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Field Currently at 8 for First GOP Presidential Debate as Pence Qualifies; Trump a No-Show?

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Former Vice President Mike Pence said Tuesday he has now qualified for the first Republican presidential debate of the 2024 campaign to be held August 23, in Milwaukee. Pence claims he's reached the Republican National Committee's 40-thousand donor count required to take part in the debate.

With just two weeks to go, the dynamics of who will be on stage are coming into clearer focus.

So far, eight candidates, including Pence, have qualified: Former President Donald Trump, Florida Governor Ron DeSantis, South Carolina Senator Tim Scott, former U.N. Ambassador Nikki Haley, entrepreneur and businessman Vivek Ramaswamy, former New Jersey Governor Chris Christie and North Dakota Governor Doug Bergum.

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The R.N.C. required candidates to score at least 1 percent in three high-quality national polls or a mix of national and early-state polls, plus gather a minimum of 40,000 donors in 20 or more states.

One big question remains, though: whether the clear frontrunner will even show up.
The latest New York Times/Siena poll shows Donald Trump crushing each opponent across almost every demographic group.

One of his challengers, Nikki Haley, told CBN News she understands why he may not show up.

We reminded her that the 45th president is thinking he may just skip the first debate, and maybe the second debate in California as well, then asked Haley, "What do you make of that type of talk?"

She replied, "It's his decision to make. I think at the end of the day he probably sees it would do him more harm to get on a debate stage than not." 
"To give folks like you and others oxygen?," she was asked. She responded, "Well, I think with the numbers he has now, why would he get on a debate stage and risk that? But he'll have to make that decision when he wants to. I think at the end of the day the American people will want to see him on that stage. I think they'll want to see all the candidates on the stage." 
So, while Trump keeps the field and others guessing, here's what's happening with the rest. 
A Trump vacancy could be a needed opportunity for Ron DeSantis, currently polling second.

While he's struggling to gain traction, the candidate polling the highest will be placed center stage. That means DeSantis would have prime placement if Trump skips.

Then, there are the rest, hoping for a breakthrough moment: Tim Scott, Nikki Haley, Doug Bergum and Vivek Ramaswamy, who has seen his poll numbers rise recently, possibly due to his vocal defense of Trump during his legal troubles.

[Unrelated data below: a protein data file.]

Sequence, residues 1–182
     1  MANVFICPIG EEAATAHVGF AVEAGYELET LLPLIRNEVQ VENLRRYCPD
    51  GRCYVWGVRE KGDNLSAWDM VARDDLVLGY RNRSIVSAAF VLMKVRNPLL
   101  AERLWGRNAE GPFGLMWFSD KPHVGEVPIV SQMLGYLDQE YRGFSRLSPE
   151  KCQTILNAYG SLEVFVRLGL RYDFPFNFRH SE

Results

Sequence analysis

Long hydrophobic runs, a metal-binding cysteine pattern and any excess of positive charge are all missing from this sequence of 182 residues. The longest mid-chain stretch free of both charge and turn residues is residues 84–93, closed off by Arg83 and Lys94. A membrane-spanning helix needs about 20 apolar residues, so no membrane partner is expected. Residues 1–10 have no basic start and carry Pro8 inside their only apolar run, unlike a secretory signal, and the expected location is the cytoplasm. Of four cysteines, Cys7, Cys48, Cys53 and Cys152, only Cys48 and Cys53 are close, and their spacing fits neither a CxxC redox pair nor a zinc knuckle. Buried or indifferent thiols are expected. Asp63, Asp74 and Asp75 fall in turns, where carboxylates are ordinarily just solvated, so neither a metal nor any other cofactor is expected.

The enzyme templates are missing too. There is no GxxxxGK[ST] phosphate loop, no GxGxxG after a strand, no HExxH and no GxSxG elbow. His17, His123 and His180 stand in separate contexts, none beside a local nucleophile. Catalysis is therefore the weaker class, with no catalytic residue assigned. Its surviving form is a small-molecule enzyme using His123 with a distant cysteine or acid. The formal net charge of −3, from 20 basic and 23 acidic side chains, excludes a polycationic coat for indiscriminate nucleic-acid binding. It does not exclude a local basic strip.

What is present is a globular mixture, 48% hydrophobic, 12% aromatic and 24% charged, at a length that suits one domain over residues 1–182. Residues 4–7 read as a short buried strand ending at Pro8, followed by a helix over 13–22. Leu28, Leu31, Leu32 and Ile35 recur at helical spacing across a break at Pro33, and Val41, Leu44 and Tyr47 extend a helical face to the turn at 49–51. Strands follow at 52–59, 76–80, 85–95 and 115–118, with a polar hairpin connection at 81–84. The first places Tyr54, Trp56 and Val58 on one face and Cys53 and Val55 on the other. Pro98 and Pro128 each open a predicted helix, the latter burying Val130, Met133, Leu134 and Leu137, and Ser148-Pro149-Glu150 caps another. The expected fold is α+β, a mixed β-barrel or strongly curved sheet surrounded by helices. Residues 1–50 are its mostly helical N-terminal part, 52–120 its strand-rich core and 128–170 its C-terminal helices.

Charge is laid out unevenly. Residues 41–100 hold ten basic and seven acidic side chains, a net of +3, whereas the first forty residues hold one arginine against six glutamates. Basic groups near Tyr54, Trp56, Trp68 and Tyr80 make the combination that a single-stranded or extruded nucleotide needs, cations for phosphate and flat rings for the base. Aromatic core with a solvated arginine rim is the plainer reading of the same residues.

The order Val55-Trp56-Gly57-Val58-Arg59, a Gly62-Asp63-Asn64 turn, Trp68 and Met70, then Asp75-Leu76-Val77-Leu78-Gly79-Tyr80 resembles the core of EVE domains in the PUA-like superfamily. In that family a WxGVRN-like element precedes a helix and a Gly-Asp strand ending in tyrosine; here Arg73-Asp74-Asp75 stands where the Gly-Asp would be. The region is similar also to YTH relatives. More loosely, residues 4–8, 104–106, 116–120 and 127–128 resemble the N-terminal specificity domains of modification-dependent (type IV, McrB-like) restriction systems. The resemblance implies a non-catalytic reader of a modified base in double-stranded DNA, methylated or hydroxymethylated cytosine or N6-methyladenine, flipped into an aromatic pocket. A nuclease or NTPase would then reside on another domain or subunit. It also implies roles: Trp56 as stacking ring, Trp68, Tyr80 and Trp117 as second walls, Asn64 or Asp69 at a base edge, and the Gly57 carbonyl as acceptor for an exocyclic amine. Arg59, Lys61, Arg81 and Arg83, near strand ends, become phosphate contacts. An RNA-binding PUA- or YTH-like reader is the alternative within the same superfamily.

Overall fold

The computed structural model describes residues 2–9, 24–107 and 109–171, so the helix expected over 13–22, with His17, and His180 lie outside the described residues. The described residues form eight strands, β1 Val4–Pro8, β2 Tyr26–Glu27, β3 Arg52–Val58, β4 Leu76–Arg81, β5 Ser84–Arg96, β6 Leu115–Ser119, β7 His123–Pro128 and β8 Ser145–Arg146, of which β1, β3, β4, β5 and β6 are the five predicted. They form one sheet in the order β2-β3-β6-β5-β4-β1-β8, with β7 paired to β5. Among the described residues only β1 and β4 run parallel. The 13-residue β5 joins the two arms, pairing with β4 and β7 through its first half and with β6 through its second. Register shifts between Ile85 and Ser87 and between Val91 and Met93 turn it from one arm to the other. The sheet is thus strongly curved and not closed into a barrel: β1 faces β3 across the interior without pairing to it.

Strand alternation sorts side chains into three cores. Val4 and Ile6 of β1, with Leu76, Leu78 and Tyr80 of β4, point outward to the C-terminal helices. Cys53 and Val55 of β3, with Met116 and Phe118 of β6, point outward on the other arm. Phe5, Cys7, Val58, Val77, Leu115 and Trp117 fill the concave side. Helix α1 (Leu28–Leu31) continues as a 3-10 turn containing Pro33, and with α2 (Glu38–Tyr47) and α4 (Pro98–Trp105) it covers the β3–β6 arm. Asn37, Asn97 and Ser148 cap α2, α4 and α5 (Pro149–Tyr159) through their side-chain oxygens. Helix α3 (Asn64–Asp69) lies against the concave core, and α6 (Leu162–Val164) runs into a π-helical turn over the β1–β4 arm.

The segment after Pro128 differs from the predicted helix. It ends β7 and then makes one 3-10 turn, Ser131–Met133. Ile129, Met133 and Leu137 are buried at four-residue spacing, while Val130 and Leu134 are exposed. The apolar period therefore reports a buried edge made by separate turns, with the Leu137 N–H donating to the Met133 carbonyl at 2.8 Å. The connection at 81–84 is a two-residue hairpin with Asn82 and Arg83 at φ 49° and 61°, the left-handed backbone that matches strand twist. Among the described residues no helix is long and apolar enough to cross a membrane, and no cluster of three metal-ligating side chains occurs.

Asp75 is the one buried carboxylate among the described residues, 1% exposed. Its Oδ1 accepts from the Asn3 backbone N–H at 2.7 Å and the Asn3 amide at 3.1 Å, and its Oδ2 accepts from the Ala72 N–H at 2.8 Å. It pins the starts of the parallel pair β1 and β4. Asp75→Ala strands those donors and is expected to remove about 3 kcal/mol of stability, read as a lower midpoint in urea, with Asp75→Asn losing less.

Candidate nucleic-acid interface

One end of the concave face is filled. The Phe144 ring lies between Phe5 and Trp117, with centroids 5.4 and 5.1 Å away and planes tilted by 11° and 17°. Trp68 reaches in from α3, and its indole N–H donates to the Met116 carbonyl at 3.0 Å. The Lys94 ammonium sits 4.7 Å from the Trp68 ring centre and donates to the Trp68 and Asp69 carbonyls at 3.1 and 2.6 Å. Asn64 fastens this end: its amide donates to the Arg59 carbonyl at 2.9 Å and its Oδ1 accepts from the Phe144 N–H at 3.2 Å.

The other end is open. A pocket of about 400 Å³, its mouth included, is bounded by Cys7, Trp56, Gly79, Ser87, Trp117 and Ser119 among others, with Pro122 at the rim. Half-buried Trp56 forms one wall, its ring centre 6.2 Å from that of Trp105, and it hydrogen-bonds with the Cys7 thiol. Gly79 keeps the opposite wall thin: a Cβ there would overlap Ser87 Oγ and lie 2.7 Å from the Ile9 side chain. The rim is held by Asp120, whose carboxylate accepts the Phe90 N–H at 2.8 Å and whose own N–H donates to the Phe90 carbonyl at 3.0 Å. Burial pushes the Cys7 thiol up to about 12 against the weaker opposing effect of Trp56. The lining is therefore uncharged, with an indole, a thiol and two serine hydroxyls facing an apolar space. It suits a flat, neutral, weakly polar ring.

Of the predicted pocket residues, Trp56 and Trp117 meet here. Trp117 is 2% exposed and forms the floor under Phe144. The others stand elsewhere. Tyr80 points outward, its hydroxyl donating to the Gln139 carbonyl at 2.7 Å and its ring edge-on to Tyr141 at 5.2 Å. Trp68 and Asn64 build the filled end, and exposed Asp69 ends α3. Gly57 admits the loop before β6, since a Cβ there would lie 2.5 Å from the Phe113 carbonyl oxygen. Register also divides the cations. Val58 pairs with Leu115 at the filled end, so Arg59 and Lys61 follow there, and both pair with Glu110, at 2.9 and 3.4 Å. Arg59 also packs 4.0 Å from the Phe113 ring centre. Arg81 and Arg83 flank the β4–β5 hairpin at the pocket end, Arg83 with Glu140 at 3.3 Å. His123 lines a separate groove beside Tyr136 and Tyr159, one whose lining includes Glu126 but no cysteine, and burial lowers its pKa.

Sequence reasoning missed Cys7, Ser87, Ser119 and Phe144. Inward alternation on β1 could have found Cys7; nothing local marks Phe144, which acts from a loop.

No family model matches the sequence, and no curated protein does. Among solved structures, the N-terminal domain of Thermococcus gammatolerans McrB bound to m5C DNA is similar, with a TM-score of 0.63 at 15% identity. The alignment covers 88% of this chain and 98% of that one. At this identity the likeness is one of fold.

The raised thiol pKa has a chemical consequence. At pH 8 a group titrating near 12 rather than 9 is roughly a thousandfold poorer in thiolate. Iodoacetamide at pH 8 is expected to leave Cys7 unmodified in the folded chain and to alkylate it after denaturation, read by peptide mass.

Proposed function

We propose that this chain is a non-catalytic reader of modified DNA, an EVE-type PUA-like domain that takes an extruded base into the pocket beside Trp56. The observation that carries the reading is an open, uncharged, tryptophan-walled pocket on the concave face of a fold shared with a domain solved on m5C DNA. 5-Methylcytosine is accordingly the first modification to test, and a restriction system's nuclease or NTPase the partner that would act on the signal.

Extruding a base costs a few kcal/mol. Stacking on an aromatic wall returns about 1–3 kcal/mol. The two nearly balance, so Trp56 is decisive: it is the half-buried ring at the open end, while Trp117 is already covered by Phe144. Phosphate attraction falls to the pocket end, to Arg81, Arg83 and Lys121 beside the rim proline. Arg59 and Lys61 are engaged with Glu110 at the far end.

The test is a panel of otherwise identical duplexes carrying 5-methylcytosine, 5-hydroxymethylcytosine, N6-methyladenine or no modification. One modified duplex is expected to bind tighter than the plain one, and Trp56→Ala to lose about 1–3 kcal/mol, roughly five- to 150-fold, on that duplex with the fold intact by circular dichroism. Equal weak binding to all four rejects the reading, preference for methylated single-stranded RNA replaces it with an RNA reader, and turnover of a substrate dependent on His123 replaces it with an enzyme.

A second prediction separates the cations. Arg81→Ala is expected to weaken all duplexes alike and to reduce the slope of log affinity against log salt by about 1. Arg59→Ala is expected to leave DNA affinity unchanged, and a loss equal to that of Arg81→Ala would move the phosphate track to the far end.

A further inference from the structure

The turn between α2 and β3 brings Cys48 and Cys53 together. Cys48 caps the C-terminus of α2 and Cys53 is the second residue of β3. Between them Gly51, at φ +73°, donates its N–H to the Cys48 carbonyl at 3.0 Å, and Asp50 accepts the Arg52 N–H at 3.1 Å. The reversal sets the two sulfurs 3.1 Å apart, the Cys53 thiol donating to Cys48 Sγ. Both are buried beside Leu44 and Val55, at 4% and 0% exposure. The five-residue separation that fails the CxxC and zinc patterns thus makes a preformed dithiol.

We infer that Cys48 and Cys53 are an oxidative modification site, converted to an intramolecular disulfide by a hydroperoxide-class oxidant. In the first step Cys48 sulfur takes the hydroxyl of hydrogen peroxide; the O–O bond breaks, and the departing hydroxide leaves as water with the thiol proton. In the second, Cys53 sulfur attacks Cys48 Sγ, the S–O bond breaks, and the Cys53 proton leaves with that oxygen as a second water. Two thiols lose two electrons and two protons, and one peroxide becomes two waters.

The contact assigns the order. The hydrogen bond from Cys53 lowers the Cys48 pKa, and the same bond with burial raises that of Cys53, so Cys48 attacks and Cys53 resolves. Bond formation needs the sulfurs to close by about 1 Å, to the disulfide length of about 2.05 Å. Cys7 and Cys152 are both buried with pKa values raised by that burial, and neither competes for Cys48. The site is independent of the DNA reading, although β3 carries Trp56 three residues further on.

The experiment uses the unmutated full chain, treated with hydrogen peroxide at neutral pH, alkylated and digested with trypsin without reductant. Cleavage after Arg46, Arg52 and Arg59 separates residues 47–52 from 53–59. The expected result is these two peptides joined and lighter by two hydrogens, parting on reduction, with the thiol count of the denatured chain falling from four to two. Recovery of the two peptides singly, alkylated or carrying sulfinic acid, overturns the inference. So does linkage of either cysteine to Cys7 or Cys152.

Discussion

Recently on CNBC, Ramaswamy made a commitment: "On January 20trh, 2025, if I'm elected the next U.S. president, to pardon Donald J. Trump for these offenses in this federal case." 

As for the wildcard, look no further than Chris Christie, otherwise known as the Trump wrecking ball.

While Christie would likely remain the main attack dog against the former president, the question is whether it will stick against Trump's teflon nature.

That brings us to Mike Pence, who, despite his campaign's insistence that he'll make the debate stage, remains on the outside, looking in.

That's because even though he has satisfied the low bar polling requirement, the well-known former governor, congressman and vice president is struggling in the fundraising arena.

Speaking In the early caucus state of Iowa, Pence noted, "Our focus is not on reaching some arbitrary goal set by the Republican National Committee. It's about telling our story here in Iowa."

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About The Author


David Brody is an Emmy Award-winning veteran news journalist with more than two decades of experience who is the Chief Political Analyst for CBN News. David has interviewed many prominent national figures during the course of his career. His one-on-one interviews have crossed the ideological spectrum. He has interviewed Donald Trump, Mike Pence, Barack Obama, Sarah Palin, Newt Gingrich, Hillary Clinton, Mitt Romney, Senate Majority Leader Harry Reid, Nikki Haley, and many others. David's previous political blog, The Brody File, was featured in The New York Times, The Los Angeles Times, and The